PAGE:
The Coaching Core Competency of Creating Awareness: Competency or Outcome?

The more I teach and experience coaching, the more I’m convinced that awareness is created by implementing all other competencies, such as establishing the coaching agreement, deep listening, powerful questions and direct communication. What are your thoughts?


Coaching Tools: Passion, Strength or Value?

I often see coaching clients struggle with being able to distinguish between their strengths and their passions. And when I begin to enquire about their values they get even more confused.
A question that helps them get unstuck is to ask about the last time they were unstoppable. The coaching client is able to provide at least one instance; usually it turns out to be when they were living in alignment with their values, operating on their strengths and integrating their passions into their life.
Let’s define these terms to better distinguish between them.
A value is a standard of behavior that you hold dear. For example, Reliability, Creativity and Excellence are a few core values.
A passion is something that gets your fired up. It could be writing, designing websites, or planning events etc.
A strength is an innate ability or talent. It could be that writing or collaborating on web design ideas makes you feel strong.
It is easy to see why our coaching clients get confused
  • Values can influence your strengths. Just because Excellence is a value, doesn’t mean that creating perfect spreadsheets makes you feel strong.
  • Strengths sound very similar to passions. You may be drawn to event planning (because of your value of Creativity) while you strengths lie in other areas. It is important to understand that the knowledge or skill gap can be bridged through training or practice.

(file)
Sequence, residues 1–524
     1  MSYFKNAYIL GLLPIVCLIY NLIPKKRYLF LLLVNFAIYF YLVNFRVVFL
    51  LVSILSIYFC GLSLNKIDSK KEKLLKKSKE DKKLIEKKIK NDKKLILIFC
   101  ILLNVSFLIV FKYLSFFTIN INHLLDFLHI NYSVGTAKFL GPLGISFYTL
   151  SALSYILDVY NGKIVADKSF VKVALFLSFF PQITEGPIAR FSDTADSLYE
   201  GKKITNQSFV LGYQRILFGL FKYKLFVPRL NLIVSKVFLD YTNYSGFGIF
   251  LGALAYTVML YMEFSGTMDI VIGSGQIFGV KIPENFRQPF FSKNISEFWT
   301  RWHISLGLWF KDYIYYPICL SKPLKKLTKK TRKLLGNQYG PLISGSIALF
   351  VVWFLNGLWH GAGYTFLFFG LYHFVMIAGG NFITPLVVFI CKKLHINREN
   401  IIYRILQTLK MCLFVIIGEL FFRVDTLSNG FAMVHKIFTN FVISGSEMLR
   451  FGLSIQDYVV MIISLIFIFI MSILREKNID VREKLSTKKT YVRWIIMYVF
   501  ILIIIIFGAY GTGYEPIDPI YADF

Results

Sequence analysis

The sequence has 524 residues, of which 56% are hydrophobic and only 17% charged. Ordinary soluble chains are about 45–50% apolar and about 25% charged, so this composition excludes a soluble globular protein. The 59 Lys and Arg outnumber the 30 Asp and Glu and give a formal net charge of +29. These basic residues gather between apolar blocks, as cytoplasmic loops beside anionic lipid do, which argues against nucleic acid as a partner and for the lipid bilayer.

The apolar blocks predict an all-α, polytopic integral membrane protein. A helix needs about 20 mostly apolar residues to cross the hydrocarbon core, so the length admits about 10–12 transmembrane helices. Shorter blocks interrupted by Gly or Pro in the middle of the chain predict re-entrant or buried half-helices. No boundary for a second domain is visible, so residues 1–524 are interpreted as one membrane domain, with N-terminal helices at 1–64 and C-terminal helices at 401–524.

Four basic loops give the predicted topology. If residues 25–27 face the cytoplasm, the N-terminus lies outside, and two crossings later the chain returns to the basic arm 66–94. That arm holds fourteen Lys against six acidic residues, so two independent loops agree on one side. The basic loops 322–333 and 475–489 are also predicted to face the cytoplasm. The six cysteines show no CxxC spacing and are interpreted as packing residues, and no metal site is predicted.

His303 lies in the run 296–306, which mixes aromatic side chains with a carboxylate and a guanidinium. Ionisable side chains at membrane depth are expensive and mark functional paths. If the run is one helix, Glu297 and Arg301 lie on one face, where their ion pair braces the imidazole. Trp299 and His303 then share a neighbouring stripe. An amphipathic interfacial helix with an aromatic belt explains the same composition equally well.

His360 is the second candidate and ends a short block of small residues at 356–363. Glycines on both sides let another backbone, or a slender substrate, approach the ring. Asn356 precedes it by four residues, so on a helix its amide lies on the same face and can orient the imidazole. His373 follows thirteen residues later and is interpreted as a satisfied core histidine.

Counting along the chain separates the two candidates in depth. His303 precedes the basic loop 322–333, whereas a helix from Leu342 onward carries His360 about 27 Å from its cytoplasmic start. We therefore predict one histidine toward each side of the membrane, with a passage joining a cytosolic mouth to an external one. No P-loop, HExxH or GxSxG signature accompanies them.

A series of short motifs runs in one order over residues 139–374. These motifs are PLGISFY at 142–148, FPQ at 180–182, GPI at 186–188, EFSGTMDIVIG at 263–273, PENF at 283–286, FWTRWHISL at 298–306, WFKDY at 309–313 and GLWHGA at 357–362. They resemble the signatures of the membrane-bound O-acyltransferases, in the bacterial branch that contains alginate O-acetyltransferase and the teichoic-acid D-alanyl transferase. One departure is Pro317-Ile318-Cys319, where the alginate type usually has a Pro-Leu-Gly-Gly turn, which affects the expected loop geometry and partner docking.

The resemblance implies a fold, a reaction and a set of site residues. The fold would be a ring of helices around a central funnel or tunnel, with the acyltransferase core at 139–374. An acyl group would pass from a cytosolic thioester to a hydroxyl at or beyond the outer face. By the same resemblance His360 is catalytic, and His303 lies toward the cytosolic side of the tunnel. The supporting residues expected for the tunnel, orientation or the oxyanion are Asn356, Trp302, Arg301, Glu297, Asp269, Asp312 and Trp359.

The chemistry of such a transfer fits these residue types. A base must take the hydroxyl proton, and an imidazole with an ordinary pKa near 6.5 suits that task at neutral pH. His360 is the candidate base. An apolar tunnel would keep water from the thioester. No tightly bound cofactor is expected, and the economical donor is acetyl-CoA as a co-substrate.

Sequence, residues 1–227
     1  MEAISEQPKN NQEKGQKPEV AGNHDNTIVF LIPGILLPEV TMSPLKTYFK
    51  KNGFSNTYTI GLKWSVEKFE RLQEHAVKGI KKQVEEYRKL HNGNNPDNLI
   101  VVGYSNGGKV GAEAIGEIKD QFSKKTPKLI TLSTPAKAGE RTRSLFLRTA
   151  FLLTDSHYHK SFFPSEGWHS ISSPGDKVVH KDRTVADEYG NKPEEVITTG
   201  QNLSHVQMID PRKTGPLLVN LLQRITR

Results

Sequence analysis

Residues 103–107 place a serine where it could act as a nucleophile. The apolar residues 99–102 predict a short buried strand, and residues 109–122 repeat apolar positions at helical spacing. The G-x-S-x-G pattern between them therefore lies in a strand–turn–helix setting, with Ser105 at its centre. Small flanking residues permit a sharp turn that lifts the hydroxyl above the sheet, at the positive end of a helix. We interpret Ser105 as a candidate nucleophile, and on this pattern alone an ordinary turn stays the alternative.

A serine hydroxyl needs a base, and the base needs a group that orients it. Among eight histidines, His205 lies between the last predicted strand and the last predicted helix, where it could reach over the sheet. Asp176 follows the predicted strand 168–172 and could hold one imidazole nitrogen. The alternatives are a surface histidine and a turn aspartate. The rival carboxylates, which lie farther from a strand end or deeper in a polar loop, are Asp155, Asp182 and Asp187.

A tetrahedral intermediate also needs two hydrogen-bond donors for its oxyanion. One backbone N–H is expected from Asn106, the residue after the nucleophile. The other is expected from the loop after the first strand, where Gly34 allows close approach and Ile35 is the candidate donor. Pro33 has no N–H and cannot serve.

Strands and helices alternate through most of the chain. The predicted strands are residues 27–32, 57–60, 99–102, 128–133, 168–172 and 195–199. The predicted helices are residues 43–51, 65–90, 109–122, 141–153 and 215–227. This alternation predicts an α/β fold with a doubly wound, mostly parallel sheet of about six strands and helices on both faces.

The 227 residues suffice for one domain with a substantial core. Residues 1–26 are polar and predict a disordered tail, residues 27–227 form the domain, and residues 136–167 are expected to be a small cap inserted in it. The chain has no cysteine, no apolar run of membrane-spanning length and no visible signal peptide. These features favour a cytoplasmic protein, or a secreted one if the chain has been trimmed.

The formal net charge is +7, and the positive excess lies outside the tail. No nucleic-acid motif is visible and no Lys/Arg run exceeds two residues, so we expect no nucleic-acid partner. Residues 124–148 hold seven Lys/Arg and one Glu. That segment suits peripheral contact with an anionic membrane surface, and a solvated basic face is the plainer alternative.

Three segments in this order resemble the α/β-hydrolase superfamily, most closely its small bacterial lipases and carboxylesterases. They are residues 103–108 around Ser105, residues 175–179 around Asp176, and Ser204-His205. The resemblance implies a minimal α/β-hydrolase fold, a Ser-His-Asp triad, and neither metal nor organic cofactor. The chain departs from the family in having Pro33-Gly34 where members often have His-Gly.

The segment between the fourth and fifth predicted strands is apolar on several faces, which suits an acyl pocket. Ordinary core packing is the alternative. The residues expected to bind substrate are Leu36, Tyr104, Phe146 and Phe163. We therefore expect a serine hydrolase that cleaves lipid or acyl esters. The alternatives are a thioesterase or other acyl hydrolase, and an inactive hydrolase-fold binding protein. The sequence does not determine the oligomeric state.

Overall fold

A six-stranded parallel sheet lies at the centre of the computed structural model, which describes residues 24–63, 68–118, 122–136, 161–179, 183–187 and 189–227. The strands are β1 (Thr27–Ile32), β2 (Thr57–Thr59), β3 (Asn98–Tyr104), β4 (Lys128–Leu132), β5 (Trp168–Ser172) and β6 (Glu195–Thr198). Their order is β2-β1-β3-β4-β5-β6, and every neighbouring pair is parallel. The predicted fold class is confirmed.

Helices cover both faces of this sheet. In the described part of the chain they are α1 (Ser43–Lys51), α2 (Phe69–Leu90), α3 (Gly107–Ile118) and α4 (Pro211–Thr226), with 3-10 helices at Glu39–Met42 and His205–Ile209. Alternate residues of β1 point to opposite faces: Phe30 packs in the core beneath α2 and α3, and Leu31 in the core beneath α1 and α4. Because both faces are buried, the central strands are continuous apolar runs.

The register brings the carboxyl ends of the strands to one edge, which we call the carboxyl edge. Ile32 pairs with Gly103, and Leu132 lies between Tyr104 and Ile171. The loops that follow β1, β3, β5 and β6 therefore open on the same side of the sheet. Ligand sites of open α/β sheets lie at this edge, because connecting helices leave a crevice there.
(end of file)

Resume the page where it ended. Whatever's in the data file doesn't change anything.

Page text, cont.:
Whether you are a coach or a coaching client, in making decisions about your life, it pays to be aware of your values, your strengths and your passions. It is this clarity that casts your life’s purpose into sharp relief helping you differentiate yourself from others. With this newfound clarity… is it any wonder that you become unstoppable?
Guest Blog by Kay Fudala, Consultant and Creative Coach at, currently enrolled with Goal Imagery Institute Holistic Life and Career Coach Training. 

Passionate Detachment as Core Coaching Competency

Ask any new coach why she decided to pursue coaching and she will likely say that she is passionate about coaching. “I just care about my clients so much! Coaching is my passion.” The irony is that unchecked passion can only get in the way of being present as a coach. Passion can make you care too much about your client. In your desire to build intimacy with the client, you could infringe on the space they need to find their own insights. It is interesting to me that while building intimacy is listed as a competency, learning to practice detachment is not. Detachment is not indifference. It is recognizing that you are just a guide on your client’s journey, but it is their journey. So even in your passionate desire to help them, you need to distance yourself. You need to allow them to find their own way whether they crawl, walk, run or build a spaceship to get to their destination. What do you think? Do you agree that to be an effective coach, detachment is just as important as passion?